Prospective dog owners should be aware their puppy could be predisposed to developing a painful and incurable condition.
A huge number of us decided to welcome new puppies into our homes over the last few years – according to Kennel Club figures dog ownership has soared to record levels.
There are a whopping 221 different breeds of pedigree dog to choose from, alongside numerous crossbreeds, so there’s plenty of thinking to do before you select your family’s latest addition.
There’s even academic guidance to seek out, with Psychologist Stanley Coren’s book ‘The Intelligence of Dogs’ ranking breeds by instincts, obedience, and the ability to adapt.
Another thing to take into consideration is that some breeds are prone to particular health issues.
One common canine disorder is hip dysplasia – when the dog’s hip ball and socket joint doesn’t fit or develop properly, causing it to rub and grind instead of sliding smoothly.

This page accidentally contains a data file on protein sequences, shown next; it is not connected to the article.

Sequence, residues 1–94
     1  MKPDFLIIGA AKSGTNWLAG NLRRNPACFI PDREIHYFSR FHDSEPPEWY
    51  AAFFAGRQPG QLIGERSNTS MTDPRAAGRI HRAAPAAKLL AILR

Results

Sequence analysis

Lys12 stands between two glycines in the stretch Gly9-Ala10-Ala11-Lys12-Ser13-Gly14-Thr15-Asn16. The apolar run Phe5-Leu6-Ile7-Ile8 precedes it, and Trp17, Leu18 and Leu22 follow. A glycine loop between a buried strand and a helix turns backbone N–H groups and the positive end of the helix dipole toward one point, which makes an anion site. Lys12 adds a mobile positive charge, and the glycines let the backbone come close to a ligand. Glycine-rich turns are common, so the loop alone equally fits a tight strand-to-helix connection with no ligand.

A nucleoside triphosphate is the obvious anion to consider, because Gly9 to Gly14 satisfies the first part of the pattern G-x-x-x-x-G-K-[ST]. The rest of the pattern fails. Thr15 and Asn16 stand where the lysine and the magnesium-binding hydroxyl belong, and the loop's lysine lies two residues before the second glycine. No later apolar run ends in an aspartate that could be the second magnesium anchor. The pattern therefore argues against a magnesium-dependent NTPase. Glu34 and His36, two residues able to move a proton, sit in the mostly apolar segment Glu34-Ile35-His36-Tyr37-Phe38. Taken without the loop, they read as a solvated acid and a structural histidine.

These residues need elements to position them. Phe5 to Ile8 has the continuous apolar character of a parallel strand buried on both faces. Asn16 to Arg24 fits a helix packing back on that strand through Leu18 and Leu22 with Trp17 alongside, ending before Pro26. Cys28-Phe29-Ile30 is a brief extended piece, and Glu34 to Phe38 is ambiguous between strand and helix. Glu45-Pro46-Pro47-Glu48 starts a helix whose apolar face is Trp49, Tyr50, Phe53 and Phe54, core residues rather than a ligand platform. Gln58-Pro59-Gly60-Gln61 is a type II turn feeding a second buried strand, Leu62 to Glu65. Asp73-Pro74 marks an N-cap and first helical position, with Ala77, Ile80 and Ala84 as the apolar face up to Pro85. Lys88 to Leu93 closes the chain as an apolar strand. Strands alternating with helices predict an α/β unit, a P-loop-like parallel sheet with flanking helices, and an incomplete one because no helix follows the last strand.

The condition results in the deterioration of the hip over time, causing pain and drastically reduce a dog’s quality of life.
Here are the 10 least breeds of dog genetically predisposed to suffering hip dysplasia, according to the American Kennel Club, along with more information about the condition.
1. French Bulldog
Selective breeding has made the French Bulldog susceptible to a variety of physical conditions, including hip dysplasia. Responsible breeders will do all they can to better the bloodlines of their breeds, making their puppies less likely to develop problems. Photo: Canva/Getty Images
2. Golden Retriever
Golden Retrievers share the Labrador Retriever's many positive attributes, but also the tendency to have hip problems. Some dogs show signs of the issue when they are just months old, while others show no problems until they are much older. Photo: Canva/Getty Images
3. German Shepherd
Larger dogs are most likely to develop hip dysplasia, with the German Shepherd being a case in point. They are most likely to suffer from the condition later in life, at around the age of seven. Photo: Canva/Getty Images
4. Chesapeake Bay Retriever
Breeds that grow particularly quickly are more likely to develop joint issues - something that is the case for the the lovable Chesapeake Bay Retriever. Photo: Canva/Getty Images